A mild day seduced me to linger outside after filling the bird feeders.
I had brought the camera out, in foolish expectation of maybe poking around and finding the Hellebores sending up even the tiniest little bump of promise. Only the spring flowering shrubs, - the forsythia and the flowering almond - show any signs of sap rising, although across the fence the neighbour's peach trees have taken on a lovely amber hue.
I wander down into the orchard where the occasional tree bears a forgotten apple, plump with fermented juices, ready for a spirited Saturday afternoon spree when the starlings discover them.
I examine the curly willows for any sweet spring swellings, but they sleep on, and along the fence line the naples yellow of the fall grasses glow in the intermittent rays of sunshine that peek out through the clouds.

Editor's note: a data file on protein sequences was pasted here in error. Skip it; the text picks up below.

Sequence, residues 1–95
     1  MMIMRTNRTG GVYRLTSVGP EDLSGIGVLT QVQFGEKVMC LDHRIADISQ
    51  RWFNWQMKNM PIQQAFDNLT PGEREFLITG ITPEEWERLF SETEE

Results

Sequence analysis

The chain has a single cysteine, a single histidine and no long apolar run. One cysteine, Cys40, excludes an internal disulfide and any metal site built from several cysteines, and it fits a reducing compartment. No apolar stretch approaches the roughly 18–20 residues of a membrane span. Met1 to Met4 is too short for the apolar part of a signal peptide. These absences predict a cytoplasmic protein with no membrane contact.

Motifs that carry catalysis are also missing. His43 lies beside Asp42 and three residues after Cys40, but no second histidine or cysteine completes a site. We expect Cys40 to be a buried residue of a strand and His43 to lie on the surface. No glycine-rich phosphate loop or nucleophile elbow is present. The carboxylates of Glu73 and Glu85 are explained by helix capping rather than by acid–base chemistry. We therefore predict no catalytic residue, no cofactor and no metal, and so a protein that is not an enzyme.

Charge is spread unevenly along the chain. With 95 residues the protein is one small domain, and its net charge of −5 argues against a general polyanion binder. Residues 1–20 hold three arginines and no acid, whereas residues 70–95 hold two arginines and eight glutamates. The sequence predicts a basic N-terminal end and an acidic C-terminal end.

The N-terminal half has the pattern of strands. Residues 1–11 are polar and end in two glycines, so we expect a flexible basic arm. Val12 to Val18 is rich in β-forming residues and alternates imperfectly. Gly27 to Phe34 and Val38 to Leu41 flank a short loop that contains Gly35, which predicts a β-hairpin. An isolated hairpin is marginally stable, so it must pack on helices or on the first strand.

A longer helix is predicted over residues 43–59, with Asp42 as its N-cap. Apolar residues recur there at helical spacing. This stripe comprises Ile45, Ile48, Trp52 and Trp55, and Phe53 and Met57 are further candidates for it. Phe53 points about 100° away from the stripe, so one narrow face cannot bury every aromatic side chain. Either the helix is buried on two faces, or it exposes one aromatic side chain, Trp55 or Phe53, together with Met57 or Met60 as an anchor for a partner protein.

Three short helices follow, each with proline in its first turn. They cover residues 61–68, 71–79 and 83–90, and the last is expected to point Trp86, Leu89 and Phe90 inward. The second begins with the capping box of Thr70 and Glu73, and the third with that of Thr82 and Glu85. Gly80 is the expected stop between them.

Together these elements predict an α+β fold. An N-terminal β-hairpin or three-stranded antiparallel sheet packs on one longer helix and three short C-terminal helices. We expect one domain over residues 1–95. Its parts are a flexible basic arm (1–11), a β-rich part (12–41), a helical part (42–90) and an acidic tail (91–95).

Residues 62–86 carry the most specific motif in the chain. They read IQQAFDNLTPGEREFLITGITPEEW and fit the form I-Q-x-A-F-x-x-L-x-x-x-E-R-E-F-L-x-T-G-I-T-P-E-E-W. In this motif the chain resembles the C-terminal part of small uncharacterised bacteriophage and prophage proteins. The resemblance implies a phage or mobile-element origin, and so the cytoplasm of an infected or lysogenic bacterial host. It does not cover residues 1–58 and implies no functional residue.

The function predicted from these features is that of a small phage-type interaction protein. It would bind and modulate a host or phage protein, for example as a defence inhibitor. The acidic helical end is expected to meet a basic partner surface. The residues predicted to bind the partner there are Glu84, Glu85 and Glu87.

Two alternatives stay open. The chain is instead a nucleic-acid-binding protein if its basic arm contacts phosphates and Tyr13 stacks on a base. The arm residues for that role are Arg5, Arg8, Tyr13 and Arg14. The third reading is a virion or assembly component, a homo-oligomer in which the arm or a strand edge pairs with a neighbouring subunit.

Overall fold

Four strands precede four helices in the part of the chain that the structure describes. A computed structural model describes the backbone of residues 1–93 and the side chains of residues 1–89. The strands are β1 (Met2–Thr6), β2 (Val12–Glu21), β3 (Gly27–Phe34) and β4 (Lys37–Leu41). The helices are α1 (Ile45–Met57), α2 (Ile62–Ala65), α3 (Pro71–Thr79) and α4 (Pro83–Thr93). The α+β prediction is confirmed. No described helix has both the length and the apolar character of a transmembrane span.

This little apple spur is the only hopeful sign I found of rebellion against January's miserable countenance.
Back in the garden I looked for anyathing that might be photogenic, watching for waving arms and whispers that say 'pick me, pick me' but they were few and far between. A wisp of weed, throwing a faint shadow on the snow, the tracks of the troop of quail that come for morning goodies,
The bird chalet sits vacant, awaiting the return of any small birds it might appeal to as housing.
Behind the frosted windows of the big bathroom/solarium the geraniums and the last of the paper whites still bloom.
and inside the first of the amaryllis with their seductive sepals and brilliant scarlet satin lighten up the darkness of January.
If tomorrow it is still mild I will call for a drive through the valley to see what other signs of spring there are along the lanes and around Ginty's Pond, and I will continue to keep an eagle's eye on the garden, searching for little bits of green and swelling buds.